So this is where we
part, My Friend,
and you'll run on, around the bend,
gone from sight, but not from mind,
new pleasures there you'll surely find.
I will go on, I'll find the
life measures quality, not its length.
One long embrace before you leave,
share one last look, before I grieve.
There are others, that much is
but they be they, and they aren't you.
And I, fair, impartial, or so I thought,
will remember well all you've taught.
Your place I'll hold, you will
the fur I stroked, the nose I kissed.
And as you journey to your final rest,
take with you this...I loved you best.
used with permission of the author
It is with deep regret and
sadness that we have had to put our beloved Haley, GSRNE #91 to
sleep. It was a very painful decision for Elaine and myself to
make. Two years ago we had her x-rayed and our vet informed us
that her hips, spine and two front legs were deteriorating very
badly. We tried very hard to make life easier for her, putting
her on pain medicine and building a ramp for her to enter the
house. The last two weeks were very difficult for her. We
consulted with our vet., all three of us came to the conclusion,
that Haley deserved to be relieved of her suffering.
Haley was adopted by us on
July 19, 2000, my birthday. It was the best gift I have ever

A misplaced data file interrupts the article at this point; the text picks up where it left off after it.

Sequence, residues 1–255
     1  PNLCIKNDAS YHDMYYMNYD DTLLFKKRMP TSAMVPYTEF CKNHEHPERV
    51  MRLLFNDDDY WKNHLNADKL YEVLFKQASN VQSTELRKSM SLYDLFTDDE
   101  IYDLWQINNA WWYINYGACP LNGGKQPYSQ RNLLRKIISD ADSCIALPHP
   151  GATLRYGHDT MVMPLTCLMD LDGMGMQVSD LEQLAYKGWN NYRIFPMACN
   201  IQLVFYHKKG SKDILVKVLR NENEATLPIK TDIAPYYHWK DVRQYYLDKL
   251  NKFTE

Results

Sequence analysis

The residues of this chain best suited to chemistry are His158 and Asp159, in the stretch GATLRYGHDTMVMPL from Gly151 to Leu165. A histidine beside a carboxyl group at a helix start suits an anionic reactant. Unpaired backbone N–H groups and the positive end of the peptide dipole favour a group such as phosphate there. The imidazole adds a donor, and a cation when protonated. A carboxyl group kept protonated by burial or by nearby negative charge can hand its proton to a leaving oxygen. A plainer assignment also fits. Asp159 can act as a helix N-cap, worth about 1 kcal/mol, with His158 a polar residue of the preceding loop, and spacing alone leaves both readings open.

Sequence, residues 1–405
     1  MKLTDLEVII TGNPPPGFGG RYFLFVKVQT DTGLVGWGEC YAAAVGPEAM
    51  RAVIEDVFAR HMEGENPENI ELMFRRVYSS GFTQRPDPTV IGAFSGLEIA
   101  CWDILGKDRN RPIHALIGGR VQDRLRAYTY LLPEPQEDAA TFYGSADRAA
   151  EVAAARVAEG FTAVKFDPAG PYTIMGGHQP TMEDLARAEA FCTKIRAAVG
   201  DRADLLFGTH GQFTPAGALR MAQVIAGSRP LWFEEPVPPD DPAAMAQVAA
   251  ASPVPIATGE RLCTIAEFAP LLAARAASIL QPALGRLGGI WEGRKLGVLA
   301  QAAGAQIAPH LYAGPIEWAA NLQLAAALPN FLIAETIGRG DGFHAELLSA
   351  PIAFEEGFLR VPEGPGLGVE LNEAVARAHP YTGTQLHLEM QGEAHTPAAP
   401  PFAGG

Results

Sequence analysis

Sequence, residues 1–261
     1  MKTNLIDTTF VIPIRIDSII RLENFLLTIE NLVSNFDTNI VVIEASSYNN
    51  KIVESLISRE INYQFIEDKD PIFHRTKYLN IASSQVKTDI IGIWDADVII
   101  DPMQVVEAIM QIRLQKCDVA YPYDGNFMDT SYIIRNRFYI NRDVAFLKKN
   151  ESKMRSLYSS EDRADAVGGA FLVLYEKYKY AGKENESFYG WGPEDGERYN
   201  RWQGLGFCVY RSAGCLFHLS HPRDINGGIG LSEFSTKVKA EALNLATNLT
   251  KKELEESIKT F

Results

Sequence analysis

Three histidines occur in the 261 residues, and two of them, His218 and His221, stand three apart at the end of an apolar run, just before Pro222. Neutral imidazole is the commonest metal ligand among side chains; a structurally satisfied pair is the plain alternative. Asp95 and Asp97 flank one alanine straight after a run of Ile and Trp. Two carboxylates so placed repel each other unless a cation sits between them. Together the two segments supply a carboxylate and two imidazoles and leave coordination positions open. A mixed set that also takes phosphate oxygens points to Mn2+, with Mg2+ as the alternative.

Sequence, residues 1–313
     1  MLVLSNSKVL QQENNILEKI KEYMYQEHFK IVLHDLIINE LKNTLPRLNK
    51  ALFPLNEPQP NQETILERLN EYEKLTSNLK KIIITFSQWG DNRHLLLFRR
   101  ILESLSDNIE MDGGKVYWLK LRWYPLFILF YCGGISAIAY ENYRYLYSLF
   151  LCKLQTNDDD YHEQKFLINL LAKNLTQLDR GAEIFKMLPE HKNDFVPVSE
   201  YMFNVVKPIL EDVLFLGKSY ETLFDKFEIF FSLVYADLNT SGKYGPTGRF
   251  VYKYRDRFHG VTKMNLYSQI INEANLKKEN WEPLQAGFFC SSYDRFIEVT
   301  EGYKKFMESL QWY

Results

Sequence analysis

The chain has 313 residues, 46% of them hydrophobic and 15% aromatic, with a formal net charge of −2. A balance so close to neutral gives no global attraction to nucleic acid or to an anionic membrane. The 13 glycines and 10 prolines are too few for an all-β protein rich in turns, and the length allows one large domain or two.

received. She was a well-traveled dog, spending time at Prince
Edward Island, Maine, Vermont and Chatham Mass. Everywhere she
went people fell in love with her. Our granddaughters when they
were first learning to speak, their first words were not Peppy
and Grammy, but was Haley.
Three times a day she was
walked in Cunningham Park, Milton and everyone knew her,
including all the caretakers of the park. During the summer
months she attended all the band concerts at our Town Hall. She
even managed to get her picture in the local paper a few times.
We considered ourselves
blessed in having this beautiful girl in our lives. She brought
joy and happiness to us and it is hard to part with her.
Haley is to be buried at Pine
Ridge Pet Cemetery in Dedham Mass. We are going to place a
tennis ball with her, because that was her favorite thing,
playing with tennis balls.
We want to thank Janice,
Karen, Lisa A. and all the members of the GSRNE who were
instrumental in giving us the wonderful opportunity in allowing
us the privilege of adopting our beautiful girl.
February 27, 2003
Saber was my very special boy- I loved
him from the moment I first saw him in the window of his GSRNE foster
home. We had a wonderful, too short, six years together; he was about six
when he came to live with us. We could have called him Velcro, had we
been naming him ourselves. When he first was adopted by us, he wouldn't
leave my side, even when I was in the bathtub! He was FAT when we first
got him (maybe thirty-five pounds over normal weight) and awkward as